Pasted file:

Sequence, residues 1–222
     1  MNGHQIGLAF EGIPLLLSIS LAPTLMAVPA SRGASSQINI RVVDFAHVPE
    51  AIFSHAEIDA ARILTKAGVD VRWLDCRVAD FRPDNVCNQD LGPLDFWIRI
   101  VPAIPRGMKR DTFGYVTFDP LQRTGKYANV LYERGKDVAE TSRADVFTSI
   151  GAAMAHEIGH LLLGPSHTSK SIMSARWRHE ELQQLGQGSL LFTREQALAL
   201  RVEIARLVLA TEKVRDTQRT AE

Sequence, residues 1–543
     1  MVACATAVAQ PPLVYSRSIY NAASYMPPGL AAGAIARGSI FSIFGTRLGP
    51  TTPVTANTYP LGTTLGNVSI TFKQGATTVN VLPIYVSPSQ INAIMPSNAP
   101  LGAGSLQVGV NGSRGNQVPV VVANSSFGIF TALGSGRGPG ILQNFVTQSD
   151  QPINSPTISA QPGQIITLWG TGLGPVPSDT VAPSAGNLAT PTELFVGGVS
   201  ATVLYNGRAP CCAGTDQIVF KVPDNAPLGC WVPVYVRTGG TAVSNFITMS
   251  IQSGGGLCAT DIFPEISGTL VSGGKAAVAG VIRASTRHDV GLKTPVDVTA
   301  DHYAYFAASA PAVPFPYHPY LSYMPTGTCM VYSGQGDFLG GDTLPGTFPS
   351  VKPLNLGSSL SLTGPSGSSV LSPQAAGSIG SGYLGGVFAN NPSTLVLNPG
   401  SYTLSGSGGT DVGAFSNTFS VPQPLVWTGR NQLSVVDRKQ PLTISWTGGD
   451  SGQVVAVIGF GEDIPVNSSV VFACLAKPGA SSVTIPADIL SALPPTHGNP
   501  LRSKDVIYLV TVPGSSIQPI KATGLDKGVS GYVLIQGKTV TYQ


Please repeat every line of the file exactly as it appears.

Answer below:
Sequence, residues 1–222
     1  MNGHQIGLAF EGIPLLLSIS LAPTLMAVPA SRGASSQINI RVVDFAHVPE
    51  AIFSHAEIDA ARILTKAGVD VRWLDCRVAD FRPDNVCNQD LGPLDFWIRI
   101  VPAIPRGMKR DTFGYVTFDP LQRTGKYANV LYERGKDVAE TSRADVFTSI
   151  GAAMAHEIGH LLLGPSHTSK SIMSARWRHE ELQQLGQGSL LFTREQALAL
   201  RVEIARLVLA TEKVRDTQRT AE

Sequence, residues 1–543
     1  MVACATAVAQ PPLVYSRSIY NAASYMPPGL AAGAIARGSI FSIFGTRLGP
    51  TTPVTANTYP LGTTLGNVSI TFKQGATTVN VLPIYVSPSQ INAIMPSNAP
   101  LGAGSLQVGV NGSRGNQVPV VVANSSFGIF TALGSGRGPG ILQNFVTQSD
   151  QPINSPTISA QPGQIITLWG TGLGPVPSDT VAPSAGNLAT PTELFVGGVS
   201  ATVLYNGRAP CCAGTDQIVF KVPDNAPLGC WVPVYVRTGG TAVSNFITMS
   251  IQSGGGLCAT DIFPEISGTL VSGGKAAVAG VIRASTRHDV GLKTPVDVTA
   301  DHYAYFAASA PAVPFPYHPY LSYMPTGTCM VYSGQGDFLG GDTLPGTFPS
   351  VKPLNLGSSL SLTGPSGSSV LSPQAAGSIG SGYLGGVFAN NPSTLVLNPG
   401  SYTLSGSGGT DVGAFSNTFS VPQPLVWTGR NQLSVVDRKQ PLTISWTGGD
   451  SGQVVAVIGF GEDIPVNSSV VFACLAKPGA SSVTIPADIL SALPPTHGNP
   501  LRSKDVIYLV TVPGSSIQPI KATGLDKGVS GYVLIQGKTV TYQ